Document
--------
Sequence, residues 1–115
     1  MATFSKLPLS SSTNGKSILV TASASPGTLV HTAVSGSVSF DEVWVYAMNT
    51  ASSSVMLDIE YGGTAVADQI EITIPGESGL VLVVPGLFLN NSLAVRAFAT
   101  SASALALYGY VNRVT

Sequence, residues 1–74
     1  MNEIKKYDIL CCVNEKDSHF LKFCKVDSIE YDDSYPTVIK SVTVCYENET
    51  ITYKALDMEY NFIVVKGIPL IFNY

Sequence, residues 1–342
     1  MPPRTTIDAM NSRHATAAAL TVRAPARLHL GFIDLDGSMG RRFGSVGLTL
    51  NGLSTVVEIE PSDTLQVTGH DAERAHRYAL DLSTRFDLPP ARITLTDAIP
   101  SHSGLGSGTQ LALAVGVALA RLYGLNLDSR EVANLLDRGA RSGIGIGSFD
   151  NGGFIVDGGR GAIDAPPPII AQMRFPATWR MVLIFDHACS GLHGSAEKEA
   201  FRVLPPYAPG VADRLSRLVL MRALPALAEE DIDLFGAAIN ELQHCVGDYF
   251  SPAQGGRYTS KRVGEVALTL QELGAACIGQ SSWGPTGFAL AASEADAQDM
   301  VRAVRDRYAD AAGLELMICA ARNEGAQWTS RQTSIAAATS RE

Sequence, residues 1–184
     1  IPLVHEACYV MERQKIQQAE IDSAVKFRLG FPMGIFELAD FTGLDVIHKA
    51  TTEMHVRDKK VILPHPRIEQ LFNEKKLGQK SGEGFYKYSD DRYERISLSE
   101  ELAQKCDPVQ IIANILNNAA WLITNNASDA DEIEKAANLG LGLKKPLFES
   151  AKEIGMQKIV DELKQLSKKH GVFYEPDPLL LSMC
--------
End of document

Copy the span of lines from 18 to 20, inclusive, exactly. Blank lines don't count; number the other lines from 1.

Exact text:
    51  TTEMHVRDKK VILPHPRIEQ LFNEKKLGQK SGEGFYKYSD DRYERISLSE
   101  ELAQKCDPVQ IIANILNNAA WLITNNASDA DEIEKAANLG LGLKKPLFES
   151  AKEIGMQKIV DELKQLSKKH GVFYEPDPLL LSMC